Coleoptera is an order of insects commonly called beetles. The word "coleoptera" is from the Greek , koleos, "sheath"; and , pteron, "wing", thus "sheathed wing". Coleoptera contains more species than any other order, constituting almost 25% of all known life-forms...

    s Beetles of the genus Helichus
    Beetles of the genus Helichus are found worldwide apart from in Australia and Antarctica. Adults reach long and live in aquatic or riparian environments. The larvae are land-dwelling which may be unique in water living insects....

     are the only insects known where the larvae are land-based and the adults live in water.
  • Hymenoptera
    Hymenoptera is one of the largest orders of insects, comprising the sawflies, wasps, bees and ants. There are over 130,000 recognized species, with many more remaining to be described. The name refers to the heavy wings of the insects, and is derived from the Ancient Greek ὑμήν : membrane and...

     - ant
    Ants are social insects of the family Formicidae and, along with the related wasps and bees, belong to the order Hymenoptera. Ants evolved from wasp-like ancestors in the mid-Cretaceous period between 110 and 130 million years ago and diversified after the rise of flowering plants. More than...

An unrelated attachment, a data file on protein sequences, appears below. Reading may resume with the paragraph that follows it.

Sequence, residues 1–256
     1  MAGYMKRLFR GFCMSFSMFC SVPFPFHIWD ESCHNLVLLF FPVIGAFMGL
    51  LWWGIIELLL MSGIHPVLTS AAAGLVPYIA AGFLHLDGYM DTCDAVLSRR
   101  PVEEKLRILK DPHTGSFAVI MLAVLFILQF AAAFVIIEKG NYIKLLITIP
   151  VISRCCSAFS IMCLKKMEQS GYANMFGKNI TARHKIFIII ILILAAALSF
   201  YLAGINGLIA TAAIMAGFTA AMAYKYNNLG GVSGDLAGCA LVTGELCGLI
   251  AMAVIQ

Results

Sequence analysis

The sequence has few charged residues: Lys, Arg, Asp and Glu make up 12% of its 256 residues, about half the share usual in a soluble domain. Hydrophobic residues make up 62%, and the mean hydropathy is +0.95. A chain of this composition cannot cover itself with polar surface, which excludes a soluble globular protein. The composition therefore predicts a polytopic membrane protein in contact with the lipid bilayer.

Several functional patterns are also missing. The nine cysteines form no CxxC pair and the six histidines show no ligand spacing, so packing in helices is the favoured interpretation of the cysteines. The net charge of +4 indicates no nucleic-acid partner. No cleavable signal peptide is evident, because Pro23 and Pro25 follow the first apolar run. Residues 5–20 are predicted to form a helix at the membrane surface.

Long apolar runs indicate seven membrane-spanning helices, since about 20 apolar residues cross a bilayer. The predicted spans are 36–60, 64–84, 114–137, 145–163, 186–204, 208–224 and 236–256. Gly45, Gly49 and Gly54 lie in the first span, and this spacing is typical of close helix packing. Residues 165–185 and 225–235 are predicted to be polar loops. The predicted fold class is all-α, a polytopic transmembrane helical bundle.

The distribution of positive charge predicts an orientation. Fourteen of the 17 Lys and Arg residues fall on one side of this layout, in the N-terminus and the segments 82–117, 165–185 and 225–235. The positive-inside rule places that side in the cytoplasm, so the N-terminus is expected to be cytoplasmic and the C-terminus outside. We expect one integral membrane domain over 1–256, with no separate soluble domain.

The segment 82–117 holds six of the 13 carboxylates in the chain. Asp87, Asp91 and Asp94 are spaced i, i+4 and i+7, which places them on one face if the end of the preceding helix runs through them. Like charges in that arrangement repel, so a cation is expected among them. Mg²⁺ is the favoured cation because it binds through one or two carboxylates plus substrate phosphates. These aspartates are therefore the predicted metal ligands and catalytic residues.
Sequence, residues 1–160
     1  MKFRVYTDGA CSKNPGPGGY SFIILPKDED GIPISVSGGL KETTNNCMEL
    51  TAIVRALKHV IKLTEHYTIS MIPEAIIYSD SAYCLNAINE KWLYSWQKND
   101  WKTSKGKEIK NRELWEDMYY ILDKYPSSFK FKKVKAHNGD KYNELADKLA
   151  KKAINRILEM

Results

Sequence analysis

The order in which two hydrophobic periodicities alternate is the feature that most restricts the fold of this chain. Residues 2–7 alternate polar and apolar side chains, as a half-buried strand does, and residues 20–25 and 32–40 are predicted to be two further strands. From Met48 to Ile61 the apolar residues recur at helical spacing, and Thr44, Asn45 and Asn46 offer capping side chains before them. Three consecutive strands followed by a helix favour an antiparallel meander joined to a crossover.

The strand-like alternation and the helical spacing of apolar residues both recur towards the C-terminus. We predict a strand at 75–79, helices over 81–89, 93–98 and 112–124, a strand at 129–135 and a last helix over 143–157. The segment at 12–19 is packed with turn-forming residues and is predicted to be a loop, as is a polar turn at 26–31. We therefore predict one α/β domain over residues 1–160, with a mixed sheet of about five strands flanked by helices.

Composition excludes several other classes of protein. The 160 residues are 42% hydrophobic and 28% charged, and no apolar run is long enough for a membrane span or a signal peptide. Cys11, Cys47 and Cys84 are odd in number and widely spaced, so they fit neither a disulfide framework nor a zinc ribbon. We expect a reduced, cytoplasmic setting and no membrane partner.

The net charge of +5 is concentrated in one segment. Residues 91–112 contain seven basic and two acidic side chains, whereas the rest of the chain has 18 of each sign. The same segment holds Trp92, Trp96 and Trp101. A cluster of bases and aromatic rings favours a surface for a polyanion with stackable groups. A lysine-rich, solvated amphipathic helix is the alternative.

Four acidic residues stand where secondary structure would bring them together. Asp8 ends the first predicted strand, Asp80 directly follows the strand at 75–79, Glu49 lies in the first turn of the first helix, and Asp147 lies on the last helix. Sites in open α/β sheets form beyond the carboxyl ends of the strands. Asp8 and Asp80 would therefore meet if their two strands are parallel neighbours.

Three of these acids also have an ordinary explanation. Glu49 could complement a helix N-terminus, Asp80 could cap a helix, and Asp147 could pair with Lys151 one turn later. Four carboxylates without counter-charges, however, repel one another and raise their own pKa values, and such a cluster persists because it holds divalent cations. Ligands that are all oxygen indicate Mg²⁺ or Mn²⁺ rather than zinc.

s (e.g. Polyrhachis sokolova
    Polyrhachis sokolova
    Polyrhachis sokolova is a species of ant recently discovered to be capable of surviving tidal inundations.Researchers at the James Cook University gained attention in 2006 after finding and reporting this behavior. Polyrhachis sokolova nests in mud in mangrove swamps, regularly inundated by rising...

    ) and wasp
    The term wasp is typically defined as any insect of the order Hymenoptera and suborder Apocrita that is neither a bee nor an ant. Almost every pest insect species has at least one wasp species that preys upon it or parasitizes it, making wasps critically important in natural control of their...

  • Diptera - flies
    True flies are insects of the order Diptera . They possess a pair of wings on the mesothorax and a pair of halteres, derived from the hind wings, on the metathorax...

  • Mecoptera - scorpionflies
  • Lepidoptera
    Lepidoptera is a large order of insects that includes moths and butterflies . It is one of the most widespread and widely recognizable insect orders in the world, encompassing moths and the three superfamilies of butterflies, skipper butterflies, and moth-butterflies...

     - moth
    A moth is an insect closely related to the butterfly, both being of the order Lepidoptera. Moths form the majority of this order; there are thought to be 150,000 to 250,000 different species of moth , with thousands of species yet to be described...

  • Trichoptera - caddisflies

External links